To ensure that GlobalFoundries remains competitive against Samsung Foundry and TSMC in the long run, Sunjay Jha obtained IP and development teams from IBM (along with two fabs and a lot of obligations), and poured in billions of dollars in development of the 7LP fabrication technology platform. The latter would include three generations of manufacturing processes and, possibly, a custom high-performance technology available exclusively to IBM. While everything appeared to proceed smoothly with the 1st Gen 7 nm process (DUV only), the 2nd Gen 7 nm process (with EUV used for non-critical layers, such as padding) still needed some additional development investments, and the 3rd Gen 7 nm (with intensive usage of EUV) required even more money for development and further could require installation of additional EUV equipment. Meanwhile, there were two things to consider.
First. If GlobalFoundries kicks off production using the 1st Gen 7 nm fabrication process, it would have needed to cure all of its teething troubles and offer its clients a roadmap forward. The latter would have included 2nd Gen and 3rd Gen 7 nm, but nothing stops there. Customers would have asked for 5 nm and then for 3 nm nodes. Meanwhile, you cannot tell your clients that you are packing up after a certain node and then hope that this node will be a success (the same is true for DUV-only 1st Gen 7 nm).
Second. Development of leading-edge process technologies is extremely expensive. Every new node requires billions of dollars in investments. Those costs are eventually amortized over each chip the company makes, so to keep increasing R&D costs from driving up chip prices, foundries need to produce more chips. To make more chips, they need to either run multiple fabs that use the same process technology (these are going to cost $10+ billion in the EUV era), or build giant fabs that process a gargantuan number of wafers (these are going to cost $20+ billion in the EUV era). Meanwhile, GlobalFoundries has only one leading-edge fab featuring capacity of 60,000 wafer starts per month. As a result, either GlobalFoundries has to pass these R&D costs on to the finite number of wafers it processes – and become uncompetitive against rivals in the process – or eat the costs with reduced profitability.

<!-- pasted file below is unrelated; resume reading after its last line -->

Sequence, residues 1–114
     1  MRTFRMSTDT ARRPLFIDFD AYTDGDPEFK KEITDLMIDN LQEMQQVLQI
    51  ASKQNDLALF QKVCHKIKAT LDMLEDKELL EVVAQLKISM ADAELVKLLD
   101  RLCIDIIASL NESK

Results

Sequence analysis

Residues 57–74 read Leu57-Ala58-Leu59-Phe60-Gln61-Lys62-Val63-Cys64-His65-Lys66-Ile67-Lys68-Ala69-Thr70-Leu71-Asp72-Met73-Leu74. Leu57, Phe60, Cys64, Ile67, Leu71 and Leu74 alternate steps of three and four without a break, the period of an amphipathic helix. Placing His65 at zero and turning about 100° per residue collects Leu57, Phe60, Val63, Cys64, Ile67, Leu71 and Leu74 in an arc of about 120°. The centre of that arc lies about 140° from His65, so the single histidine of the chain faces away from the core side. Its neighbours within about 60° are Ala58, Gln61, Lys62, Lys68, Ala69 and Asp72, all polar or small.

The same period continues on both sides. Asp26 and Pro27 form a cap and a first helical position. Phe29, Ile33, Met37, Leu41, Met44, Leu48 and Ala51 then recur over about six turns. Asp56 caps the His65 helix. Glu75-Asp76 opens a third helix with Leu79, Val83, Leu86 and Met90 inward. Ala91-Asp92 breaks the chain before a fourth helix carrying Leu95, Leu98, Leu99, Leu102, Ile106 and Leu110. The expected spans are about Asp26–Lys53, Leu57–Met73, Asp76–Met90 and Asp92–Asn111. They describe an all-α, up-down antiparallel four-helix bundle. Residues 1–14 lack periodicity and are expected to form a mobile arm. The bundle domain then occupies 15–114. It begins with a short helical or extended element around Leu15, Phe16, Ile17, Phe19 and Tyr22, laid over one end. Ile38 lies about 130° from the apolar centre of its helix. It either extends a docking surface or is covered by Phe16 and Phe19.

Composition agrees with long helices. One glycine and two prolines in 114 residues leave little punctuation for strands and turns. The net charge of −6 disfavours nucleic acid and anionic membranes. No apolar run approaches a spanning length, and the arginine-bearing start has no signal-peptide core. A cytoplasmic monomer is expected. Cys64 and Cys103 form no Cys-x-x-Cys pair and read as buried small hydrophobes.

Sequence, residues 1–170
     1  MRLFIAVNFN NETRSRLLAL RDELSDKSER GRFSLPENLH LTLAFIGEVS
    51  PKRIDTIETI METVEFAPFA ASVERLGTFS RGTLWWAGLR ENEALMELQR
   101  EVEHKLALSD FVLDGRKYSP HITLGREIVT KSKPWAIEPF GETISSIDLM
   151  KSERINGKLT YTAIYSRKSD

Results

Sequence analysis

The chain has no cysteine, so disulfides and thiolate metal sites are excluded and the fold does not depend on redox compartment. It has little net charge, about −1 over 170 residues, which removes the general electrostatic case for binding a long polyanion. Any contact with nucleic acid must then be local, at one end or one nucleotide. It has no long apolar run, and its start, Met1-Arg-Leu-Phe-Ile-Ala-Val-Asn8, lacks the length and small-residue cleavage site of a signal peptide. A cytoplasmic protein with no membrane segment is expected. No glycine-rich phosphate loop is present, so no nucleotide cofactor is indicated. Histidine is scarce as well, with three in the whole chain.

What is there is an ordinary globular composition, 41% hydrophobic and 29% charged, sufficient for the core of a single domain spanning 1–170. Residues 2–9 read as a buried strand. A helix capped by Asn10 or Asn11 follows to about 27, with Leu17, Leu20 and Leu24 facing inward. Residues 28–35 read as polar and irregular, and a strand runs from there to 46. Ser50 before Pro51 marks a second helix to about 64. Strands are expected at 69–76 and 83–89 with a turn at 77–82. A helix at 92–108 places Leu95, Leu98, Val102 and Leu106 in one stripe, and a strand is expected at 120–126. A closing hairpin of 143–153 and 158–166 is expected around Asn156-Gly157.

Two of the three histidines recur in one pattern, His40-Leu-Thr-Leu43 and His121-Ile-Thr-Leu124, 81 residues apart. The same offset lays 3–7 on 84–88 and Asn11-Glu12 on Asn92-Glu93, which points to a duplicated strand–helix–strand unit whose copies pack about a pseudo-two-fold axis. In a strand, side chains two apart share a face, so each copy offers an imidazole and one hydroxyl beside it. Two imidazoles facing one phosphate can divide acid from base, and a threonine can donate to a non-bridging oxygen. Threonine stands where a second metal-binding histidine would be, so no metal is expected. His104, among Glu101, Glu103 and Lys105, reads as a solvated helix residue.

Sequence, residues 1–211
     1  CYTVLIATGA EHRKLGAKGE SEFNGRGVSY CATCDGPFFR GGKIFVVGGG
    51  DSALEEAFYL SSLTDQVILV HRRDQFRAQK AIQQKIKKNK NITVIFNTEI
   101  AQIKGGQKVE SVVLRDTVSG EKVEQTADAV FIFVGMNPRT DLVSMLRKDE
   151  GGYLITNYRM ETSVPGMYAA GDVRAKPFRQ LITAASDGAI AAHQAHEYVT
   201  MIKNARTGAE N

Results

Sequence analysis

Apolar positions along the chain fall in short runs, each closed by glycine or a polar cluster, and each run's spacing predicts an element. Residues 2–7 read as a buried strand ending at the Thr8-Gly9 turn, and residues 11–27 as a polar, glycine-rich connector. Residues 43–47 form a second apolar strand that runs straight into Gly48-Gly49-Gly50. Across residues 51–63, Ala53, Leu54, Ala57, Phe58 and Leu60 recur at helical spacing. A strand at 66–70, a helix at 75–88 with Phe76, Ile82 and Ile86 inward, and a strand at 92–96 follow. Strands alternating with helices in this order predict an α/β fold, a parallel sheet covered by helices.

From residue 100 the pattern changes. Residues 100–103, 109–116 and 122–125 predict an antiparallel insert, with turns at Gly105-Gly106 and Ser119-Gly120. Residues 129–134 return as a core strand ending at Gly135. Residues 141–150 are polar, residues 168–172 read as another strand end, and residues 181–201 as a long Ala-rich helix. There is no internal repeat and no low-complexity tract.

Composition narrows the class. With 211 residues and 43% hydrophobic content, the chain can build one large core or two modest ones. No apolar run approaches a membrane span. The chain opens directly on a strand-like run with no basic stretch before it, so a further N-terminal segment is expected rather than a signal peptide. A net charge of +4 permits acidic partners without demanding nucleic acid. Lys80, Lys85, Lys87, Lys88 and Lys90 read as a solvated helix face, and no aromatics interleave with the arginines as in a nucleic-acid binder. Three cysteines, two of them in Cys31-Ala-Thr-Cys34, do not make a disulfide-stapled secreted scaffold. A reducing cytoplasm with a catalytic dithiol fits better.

Meanwhile, having spent well over $20 billion on GlobalFoundries over the last 10 years, Mubadala, the owner of the company, is not inclined to lose more money or invest tens of billions in the hopes of becoming profitable one day. The investor wants GlobalFoundries to stop bleeding and start generating profits.
“The culture of [our investments], the ones I’ve been involved with, was about accumulating assets and then just maintaining it,” said Mubadala CEO Khaldoon Al Mubarak in an interview with Bloomberg earlier this year. “The shift that has happened over the last couple of years, that I’ve tried to push at Mubadala today, is a monetization strategy that makes sense, not with a view to cash out but with a view to reinvest.”
Gary Patton admits that GlobalFoundries never planned to be a leading producer of 7-nm chips in terms of volume. Furthermore, the company has been seeing increasing adoption of its 14LPP/12LP technologies by designers of various emerging devices, keeping Fab 8 busy and leaving fewer step-and-scan systems for 7LP products.
Without another big fab, it would be impossible to make any new leading-edge process technology competitive against Samsung and TSMC due to aforementioned scale reasons. Meanwhile, building a new fab (or even expanding the Fab 8 with another clean room module, which is something that GF considered several years ago) and creating another node or two would require another $10 – $15 billion from Mubadala, which is not inclined to invest just now. As a result, the GlobalFoundries has decided to switch entirely to specialized process technologies for emerging high-growth markets. This strategic shift enables it to reduce spending on R&D, slowdown procurement of new equipment, reduce its workforce by 5% (most of which will be in Malta), and potentially avoid direct competition against the aforementioned contract makers of semiconductors.